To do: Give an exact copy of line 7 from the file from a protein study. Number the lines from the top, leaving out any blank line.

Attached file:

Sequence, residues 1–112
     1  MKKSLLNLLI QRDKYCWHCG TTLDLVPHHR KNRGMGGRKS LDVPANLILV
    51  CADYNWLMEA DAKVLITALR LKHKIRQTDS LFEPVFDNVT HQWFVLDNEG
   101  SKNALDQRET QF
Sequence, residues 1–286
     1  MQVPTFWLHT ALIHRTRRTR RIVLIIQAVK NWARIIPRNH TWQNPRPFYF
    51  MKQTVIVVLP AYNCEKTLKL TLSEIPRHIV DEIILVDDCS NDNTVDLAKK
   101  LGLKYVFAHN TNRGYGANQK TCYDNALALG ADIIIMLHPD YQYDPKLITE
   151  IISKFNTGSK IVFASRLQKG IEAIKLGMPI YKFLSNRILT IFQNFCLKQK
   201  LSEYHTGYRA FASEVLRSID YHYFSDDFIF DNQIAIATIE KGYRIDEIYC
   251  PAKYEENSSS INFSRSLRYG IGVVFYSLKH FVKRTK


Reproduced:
    51  MKQTVIVVLP AYNCEKTLKL TLSEIPRHIV DEIILVDDCS NDNTVDLAKK